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Rehabilitation counseling is counseling for people with disabilities that is designed to help individuals achieve their personal and professional goals. Generally, independence and a sense of worth are considered highly valuable by rehabilitation counseling specialists, and the end goal of this type of counseling is to produce adults who succeed by their own standards even though they are disabled. Counselors of this type may work in schools, rehabilitation centers, and private practices, but in all of these cases rehabilitation counselors work with people who have some type of disability. That disability may be physical or mental, mild or severe. Success when working in this field is difficult to determine, because each case is highly individual.
In most cases, rehabilitation counseling is a long process that involves evaluating goals, helping an individual meet those goals, and dealing with problems along the way. For counseling to be successful, the individual must have goals that can reasonably be met in the face of the particular disability. While no counselor wishes to call a dream unreasonable, it is sometimes difficult for a person who has become disabled later in life to accept that goals that were once possible are no longer reasonable. Rehabilitation counseling for people who have gone through accidents is therefore often more difficult than for those who are fully accepting of their disabilities.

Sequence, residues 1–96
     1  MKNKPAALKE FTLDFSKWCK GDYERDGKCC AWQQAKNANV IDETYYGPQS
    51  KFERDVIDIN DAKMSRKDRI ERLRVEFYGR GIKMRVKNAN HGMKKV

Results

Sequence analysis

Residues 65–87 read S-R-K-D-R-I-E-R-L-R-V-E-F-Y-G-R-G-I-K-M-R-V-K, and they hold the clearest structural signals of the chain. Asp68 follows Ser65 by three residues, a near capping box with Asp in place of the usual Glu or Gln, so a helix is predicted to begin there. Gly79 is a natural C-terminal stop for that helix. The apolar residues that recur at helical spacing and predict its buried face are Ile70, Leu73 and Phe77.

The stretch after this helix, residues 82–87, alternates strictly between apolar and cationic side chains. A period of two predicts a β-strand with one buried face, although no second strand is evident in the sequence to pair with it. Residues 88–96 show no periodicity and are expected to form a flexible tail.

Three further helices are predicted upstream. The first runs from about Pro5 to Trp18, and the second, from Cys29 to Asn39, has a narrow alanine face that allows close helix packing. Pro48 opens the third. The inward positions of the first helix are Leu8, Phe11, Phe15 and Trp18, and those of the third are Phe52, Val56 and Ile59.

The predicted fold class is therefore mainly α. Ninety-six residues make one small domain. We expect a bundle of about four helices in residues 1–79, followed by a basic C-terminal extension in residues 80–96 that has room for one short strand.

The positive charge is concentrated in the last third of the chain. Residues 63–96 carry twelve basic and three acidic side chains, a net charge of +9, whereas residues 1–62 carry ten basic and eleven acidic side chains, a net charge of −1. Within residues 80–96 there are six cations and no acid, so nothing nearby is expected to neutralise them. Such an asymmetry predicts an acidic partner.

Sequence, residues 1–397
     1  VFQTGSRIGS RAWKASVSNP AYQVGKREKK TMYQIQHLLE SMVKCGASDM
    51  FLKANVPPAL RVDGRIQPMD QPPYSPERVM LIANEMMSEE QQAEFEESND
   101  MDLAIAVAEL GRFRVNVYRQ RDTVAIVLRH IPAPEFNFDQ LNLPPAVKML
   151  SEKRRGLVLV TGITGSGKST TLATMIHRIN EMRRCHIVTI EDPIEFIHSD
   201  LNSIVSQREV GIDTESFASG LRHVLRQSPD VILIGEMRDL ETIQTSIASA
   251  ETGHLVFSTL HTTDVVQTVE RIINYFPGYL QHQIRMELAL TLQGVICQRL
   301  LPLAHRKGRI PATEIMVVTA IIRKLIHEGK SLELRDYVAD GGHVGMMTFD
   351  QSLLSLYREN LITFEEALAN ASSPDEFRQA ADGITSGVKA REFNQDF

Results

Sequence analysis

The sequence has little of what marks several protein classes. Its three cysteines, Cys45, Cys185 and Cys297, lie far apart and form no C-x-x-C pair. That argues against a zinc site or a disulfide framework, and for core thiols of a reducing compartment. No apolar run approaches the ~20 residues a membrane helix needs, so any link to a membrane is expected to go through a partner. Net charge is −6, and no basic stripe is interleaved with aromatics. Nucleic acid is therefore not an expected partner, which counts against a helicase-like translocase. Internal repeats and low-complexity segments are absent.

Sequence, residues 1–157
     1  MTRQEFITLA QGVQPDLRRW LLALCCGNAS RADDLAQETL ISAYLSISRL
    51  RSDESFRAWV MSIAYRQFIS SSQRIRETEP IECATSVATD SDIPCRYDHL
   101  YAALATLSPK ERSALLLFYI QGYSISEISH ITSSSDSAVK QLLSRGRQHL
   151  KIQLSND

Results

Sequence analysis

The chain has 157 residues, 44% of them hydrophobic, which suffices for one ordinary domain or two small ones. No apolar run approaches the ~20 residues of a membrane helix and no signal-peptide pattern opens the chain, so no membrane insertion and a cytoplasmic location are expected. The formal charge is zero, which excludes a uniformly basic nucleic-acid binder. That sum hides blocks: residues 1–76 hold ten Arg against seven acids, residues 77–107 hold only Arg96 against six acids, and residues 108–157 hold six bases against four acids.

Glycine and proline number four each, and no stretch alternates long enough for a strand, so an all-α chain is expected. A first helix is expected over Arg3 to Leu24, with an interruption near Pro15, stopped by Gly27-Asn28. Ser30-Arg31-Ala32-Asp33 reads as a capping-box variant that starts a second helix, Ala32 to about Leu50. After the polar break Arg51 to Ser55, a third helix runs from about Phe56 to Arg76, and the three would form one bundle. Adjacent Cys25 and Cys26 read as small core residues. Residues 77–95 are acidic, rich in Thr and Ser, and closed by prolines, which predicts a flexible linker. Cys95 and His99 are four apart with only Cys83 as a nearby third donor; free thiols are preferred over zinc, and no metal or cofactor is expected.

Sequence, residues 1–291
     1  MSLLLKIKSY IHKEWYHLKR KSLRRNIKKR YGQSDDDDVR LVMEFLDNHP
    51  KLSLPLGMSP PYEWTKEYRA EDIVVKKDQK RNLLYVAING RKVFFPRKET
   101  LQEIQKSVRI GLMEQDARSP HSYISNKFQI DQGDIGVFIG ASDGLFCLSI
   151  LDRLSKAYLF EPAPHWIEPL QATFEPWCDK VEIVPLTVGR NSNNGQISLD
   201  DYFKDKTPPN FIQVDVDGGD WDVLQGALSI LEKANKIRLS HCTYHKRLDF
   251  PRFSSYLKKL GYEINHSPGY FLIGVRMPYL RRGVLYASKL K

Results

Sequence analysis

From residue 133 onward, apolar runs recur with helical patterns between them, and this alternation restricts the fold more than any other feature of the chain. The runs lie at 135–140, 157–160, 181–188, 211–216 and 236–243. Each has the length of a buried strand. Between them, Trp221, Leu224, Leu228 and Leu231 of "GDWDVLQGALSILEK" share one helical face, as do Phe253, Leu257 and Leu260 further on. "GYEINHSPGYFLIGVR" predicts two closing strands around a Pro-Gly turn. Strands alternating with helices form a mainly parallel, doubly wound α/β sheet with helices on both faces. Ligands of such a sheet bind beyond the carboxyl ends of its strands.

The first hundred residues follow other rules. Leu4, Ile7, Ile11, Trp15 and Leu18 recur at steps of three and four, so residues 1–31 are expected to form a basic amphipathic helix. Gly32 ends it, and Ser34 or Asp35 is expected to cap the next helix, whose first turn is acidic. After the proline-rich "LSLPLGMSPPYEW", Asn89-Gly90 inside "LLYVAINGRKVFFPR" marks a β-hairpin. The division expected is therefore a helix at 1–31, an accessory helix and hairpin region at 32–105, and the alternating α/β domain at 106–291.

Goals in rehabilitation counseling vary, but they usually involve getting an individual to meet his or her vocational and personal goals. This typically includes obtaining a specific type of job and establishing an independent living situation. Other features, like getting involved in a favorite activity or engaging in relationships, are also sometimes covered in counseling sessions. Often, the primary focus of rehabilitation counseling is vocational, because, through vocational success, an individual can often achieve an independent living situation and social connections as well.
Not every individual is destined for the same type of success. Determining what an individual's goal should be depends on the person. For example, a severely disabled person may never live independently in the sense that he or she will never live alone, but even a person with severe disabilities may someday wish to live outside of a familial home. In these cases, a rehabilitation counselor must present viable options and talk through potential problems with those options.
Some rehabilitation counseling specialists are employed to help people succeed in a specific environment, such as a school. The specialist may help facilitate access to materials, housing, and other possible problem areas. As each disability is unique, the specialist must design a program that fits the individual. This way, equal opportunities are available even to people with disabilities.
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